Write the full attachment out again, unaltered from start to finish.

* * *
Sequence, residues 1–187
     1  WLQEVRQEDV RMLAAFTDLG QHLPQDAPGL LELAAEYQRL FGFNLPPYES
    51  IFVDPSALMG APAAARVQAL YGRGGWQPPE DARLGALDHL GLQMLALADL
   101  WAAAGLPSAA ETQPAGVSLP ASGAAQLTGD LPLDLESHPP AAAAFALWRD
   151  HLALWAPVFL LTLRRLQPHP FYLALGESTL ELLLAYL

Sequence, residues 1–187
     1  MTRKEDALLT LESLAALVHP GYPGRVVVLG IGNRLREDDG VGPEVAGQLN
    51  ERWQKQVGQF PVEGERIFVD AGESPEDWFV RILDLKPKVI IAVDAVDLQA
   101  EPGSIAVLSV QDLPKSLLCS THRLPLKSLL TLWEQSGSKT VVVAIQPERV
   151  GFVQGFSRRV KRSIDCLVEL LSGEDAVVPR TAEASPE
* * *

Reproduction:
Sequence, residues 1–187
     1  WLQEVRQEDV RMLAAFTDLG QHLPQDAPGL LELAAEYQRL FGFNLPPYES
    51  IFVDPSALMG APAAARVQAL YGRGGWQPPE DARLGALDHL GLQMLALADL
   101  WAAAGLPSAA ETQPAGVSLP ASGAAQLTGD LPLDLESHPP AAAAFALWRD
   151  HLALWAPVFL LTLRRLQPHP FYLALGESTL ELLLAYL

Sequence, residues 1–187
     1  MTRKEDALLT LESLAALVHP GYPGRVVVLG IGNRLREDDG VGPEVAGQLN
    51  ERWQKQVGQF PVEGERIFVD AGESPEDWFV RILDLKPKVI IAVDAVDLQA
   101  EPGSIAVLSV QDLPKSLLCS THRLPLKSLL TLWEQSGSKT VVVAIQPERV
   151  GFVQGFSRRV KRSIDCLVEL LSGEDAVVPR TAEASPE